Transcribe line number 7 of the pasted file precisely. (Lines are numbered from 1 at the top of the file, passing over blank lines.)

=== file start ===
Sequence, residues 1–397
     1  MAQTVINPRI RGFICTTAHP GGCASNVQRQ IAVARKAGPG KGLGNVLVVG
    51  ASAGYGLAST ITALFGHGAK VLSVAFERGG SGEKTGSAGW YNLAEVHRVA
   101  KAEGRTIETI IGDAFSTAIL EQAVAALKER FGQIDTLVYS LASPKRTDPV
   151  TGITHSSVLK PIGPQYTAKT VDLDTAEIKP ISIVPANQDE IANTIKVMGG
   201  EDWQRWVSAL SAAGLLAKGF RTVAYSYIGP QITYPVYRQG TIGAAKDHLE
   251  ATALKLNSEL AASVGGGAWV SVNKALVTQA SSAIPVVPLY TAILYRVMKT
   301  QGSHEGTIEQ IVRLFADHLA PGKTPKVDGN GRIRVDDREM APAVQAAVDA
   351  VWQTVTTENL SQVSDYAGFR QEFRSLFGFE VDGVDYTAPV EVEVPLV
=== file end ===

   251  ATALKLNSEL AASVGGGAWV SVNKALVTQA SSAIPVVPLY TAILYRVMKT